Loathe as one might be to admit it, there are far too many singers today who consider themselves jazz vocalists. The fact of the matter is it is far too easy to scat a few lines, come up with some nouveau riche lyrics, and press your album at 45 rpm than to really function as a vital musician that also happens to vocalize. Herein rests the problem, often abetted by the hype that only the media can do far too well. Flash and fury signifying nothing often entices an uninformed audience.
Dena DeRose is so far removed from this type of thing that it comes as no surprise that she consistently lies below the radar of all but the most astute jazz followers. However, this should not be misconstrued as if to suggest that DeRose is too cerebral or "out there" to be accessible to the average listener. Nothing could be farther from the truth. Over the course of the dozen albums she has recorded since landing in New York in 1991, DeRose has consistently proven herself as a singular pianist and vocalist with a depth of scope that is really something to hear.
Dena's trio mates here go way back and their telepathic camaraderie is self-evident. Specifically, 2005's Walk in the Park debuted this trio featuring bassist Martin Wind and drummer Matt Wilson. Collectively they have no problem sinking their teeth into two hard bop trinkets. Wayne Shorter's "United" seems like an odd choice for vocalizing on, yet DeRose pens her own words and it all works perfectly fine. Guest Ingrid Jensen adds a splash of color here and on Horace Silver's "Peace" with her piquant trumpet work. Cedar Walton's "Clockwise" also sports original lyrics from Dena, plus we get to hear her ability to scat in unison with her right hand piano lines.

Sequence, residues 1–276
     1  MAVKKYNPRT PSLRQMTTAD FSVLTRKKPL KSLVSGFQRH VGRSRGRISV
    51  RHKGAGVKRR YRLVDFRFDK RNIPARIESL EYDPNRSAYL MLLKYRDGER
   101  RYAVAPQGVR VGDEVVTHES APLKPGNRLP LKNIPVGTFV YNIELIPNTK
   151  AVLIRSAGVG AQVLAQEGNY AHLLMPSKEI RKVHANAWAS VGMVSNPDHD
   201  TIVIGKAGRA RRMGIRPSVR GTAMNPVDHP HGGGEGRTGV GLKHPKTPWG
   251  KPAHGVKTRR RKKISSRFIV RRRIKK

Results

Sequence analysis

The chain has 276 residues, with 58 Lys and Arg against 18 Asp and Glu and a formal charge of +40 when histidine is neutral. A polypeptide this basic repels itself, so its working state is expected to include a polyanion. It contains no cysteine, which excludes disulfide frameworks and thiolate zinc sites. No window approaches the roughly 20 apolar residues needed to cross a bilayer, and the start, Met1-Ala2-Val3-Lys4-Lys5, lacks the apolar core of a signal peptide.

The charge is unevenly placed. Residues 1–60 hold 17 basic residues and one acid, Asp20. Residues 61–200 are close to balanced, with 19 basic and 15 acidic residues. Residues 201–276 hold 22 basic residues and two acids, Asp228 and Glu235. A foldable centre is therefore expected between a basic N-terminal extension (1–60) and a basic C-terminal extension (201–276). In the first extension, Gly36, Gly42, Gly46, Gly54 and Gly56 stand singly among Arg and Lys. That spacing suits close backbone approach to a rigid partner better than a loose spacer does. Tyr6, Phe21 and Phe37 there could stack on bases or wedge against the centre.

Some tasteful studio trickery adds a nice echo effect on Dena's vocals for the Carole King chestnut "So Far Away." The darkly rich atmosphere adds much to this album highlight. In terms of DeRose's piano chops, there is much to admire, particularly in her solo spots on "United," "I'm Glad There Is You," and her own "Simple Song of Love." Another extra guest, guitarist Peter Bernstein provides the lush backdrop to "Only the Lonely" and then heats things up for the briskly swinging "Sunny."
Of course it almost goes without saying that the ubiquitous Wilson and Wind are integral to the proceedings. Talk about your old saying that the whole is greater than the sum of its parts. Wilson's organic approach comes from the fact that he doesn't use set patterns or grooves. He approaches each piece as if working with a blank canvas. It must certainly help that Wind holds down the bottom with supreme solidity and finesse.
Here's hoping that DeRose has found a good thing with HighNote that shall continue. Maybe soon, those in the dark will be enlightened and join the ranks of those who already know what a special thing DeRose has to offer.
United; Only the Lonely; Clockwise; So Far Away; I'm Glad There Is You; Simple Song of Love; Peace; Sunny; Not You Again.
Dena DeRose: piano & vocals; Martin Wind: bass; Matt Wilson: drums; Ingrid Jensen: trumpet (tracks 1 & 7 only); Peter Bernstein: guitar (tracks 2 & 8 only).
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